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Marko Radic, PhD, Committed to Making a Difference for Patients, Awarded Lupus Insight Prize

After a decade researching causes and treatments for lupus, Dr. Marko Radic, left, received the 2024 Lupus Insight Prize recognizing and honoring significant scientific insights relevant to understanding the disease. “I feel a very strong ethical commitment to do something worthwhile with my work,” he said.

Ten years ago, Marko Radic, PhD, laced up his walking shoes to participate in the Virginia Davis Memorial Walk/Run for Lupus, a fundraiser to support the Lupus Foundation of America. An associate professor in the UT Health Science Center’s Department of Microbiology, Immunology and Biochemistry, Dr. Radic had spent his research career up to that point focusing on basic immunology and the mechanisms that lead to autoimmune diseases. He never suspected that morning in Overton Park would spur a major shift in his research approach.

But walking alongside and interacting with lupus patients and their families, Dr. Radic was struck by how severely the disease affected their daily lives. “The most common form of lupus, systemic lupus erythematosis, can affect nearly all your organ systems: cardiovascular, respiratory, GI, your joints, your skin, your musculature,” he said. He was also disheartened when explaining his work to them. “No matter how much a scientist tries to consider lay language and explain things from first principles, and no matter if a patient perfectly understands all the basic biology questions, they still approach things from their own point of view. Their main concern is they have an incurable illness and a reduced life expectancy. I realized some of our basic research wasn’t translating to them or really impacting their daily struggles.”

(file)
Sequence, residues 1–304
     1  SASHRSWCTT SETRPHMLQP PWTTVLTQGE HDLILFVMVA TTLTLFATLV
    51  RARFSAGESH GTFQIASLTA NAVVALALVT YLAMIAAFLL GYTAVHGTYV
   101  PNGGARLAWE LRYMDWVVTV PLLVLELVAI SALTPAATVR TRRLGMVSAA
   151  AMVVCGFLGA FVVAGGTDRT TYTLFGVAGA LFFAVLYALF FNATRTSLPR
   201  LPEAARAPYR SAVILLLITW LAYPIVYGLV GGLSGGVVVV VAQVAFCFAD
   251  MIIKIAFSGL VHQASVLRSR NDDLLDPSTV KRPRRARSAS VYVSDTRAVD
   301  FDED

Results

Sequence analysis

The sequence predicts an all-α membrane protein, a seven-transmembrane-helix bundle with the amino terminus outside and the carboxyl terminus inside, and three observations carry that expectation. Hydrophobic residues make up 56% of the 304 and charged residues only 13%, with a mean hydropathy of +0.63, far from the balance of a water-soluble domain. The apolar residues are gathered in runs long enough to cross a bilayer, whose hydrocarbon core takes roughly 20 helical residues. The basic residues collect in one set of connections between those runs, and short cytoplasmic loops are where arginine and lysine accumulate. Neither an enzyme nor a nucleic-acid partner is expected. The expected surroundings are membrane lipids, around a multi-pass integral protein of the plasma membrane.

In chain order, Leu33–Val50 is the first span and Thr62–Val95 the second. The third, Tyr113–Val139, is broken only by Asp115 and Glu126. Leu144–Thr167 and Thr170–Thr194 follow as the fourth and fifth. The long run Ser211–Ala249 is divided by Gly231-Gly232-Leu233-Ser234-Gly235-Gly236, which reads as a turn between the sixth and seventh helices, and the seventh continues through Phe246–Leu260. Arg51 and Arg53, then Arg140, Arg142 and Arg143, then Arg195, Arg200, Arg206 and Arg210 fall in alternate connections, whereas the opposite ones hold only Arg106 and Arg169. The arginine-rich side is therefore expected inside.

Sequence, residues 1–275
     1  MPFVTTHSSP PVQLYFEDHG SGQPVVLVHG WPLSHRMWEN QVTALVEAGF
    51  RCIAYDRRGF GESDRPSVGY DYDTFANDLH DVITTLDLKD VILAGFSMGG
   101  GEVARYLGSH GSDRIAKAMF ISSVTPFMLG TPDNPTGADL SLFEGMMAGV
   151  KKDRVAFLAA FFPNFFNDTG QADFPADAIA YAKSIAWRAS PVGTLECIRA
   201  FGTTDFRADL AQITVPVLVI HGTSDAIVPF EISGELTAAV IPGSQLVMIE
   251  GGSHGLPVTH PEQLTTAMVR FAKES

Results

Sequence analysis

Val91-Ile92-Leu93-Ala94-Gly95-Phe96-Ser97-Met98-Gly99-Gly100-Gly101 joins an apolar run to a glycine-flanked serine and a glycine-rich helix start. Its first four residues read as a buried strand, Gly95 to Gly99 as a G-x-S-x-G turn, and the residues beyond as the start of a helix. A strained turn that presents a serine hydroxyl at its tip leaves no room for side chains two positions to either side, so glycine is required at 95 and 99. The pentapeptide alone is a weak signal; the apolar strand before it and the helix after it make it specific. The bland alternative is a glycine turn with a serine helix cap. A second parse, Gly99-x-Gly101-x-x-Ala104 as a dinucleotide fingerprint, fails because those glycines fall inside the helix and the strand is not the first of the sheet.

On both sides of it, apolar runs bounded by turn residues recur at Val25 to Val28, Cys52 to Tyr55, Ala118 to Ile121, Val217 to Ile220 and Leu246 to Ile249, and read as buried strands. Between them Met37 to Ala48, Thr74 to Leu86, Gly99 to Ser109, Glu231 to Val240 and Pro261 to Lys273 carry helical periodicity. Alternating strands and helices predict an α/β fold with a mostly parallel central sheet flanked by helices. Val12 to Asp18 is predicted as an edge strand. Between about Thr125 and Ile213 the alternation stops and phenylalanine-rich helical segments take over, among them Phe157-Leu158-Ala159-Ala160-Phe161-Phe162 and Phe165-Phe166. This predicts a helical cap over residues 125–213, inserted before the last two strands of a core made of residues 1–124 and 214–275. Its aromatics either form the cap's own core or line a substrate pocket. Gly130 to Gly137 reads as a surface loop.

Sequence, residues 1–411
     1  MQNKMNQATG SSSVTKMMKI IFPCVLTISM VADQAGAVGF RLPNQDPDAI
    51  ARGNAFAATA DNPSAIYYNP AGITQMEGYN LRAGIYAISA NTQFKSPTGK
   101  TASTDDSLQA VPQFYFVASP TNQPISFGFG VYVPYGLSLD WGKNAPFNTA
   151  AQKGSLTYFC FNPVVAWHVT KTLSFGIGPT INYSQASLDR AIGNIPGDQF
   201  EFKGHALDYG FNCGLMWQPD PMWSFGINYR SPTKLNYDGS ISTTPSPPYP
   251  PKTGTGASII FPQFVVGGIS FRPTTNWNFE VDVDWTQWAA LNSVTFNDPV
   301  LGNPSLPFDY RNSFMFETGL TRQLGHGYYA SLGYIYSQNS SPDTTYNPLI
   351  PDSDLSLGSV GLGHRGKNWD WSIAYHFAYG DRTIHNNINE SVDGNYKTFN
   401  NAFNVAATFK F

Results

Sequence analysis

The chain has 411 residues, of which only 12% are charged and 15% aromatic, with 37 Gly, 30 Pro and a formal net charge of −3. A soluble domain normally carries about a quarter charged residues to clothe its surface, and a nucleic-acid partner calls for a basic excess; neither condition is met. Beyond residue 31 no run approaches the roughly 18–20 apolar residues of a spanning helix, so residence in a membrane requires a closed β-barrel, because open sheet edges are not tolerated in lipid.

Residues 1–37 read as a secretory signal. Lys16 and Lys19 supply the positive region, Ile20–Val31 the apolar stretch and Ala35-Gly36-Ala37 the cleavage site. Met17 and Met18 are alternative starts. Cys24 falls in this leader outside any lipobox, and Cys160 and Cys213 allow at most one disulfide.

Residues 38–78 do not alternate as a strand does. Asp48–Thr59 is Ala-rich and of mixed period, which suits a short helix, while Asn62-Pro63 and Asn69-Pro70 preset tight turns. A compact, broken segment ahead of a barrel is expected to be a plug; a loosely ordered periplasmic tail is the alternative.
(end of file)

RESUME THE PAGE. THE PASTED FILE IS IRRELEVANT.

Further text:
His experience at the event motivated him to switch his approach to impact patient health and well-being directly.

“At the time, I was following an observation that was done by researchers in Pennsylvania. Dr. Carl June at the University of Pennsylvania had introduced a cell therapy that was very good at eliminating cancerous B cells (a type of immune cells thought to be responsible for lupus manifestations). In many autoimmune diseases you can find antibodies in the plasma that react with your own tissues. So eliminating B cells seemed like a good way to test the role of B cells in lupus. We proposed to do that in two different mouse models of lupus, and set out the experiments with funding from the Lupus Research Alliance (LRA) in New York City.”

The study was a collaboration between various faculty in his department, students in Dr. Radic’s lab, and the College of Pharmacy. “To all of our amazement, the study worked out quite well. We were able to show that CAR-T cells, the name of this technology, was able to remove B cells and really eliminate all the classical clinical signs of lupus in patients.”

Dr. Radic authored a paper on the landmark study demonstrating applicability of CAR-Ts in autoimmune diseases, which was published in Science Translational Medicine in 2019. He is now recognized as a thought leader in autoimmune CAR-T cell therapy, antibody-mediated disorders and designing CAR-T studies.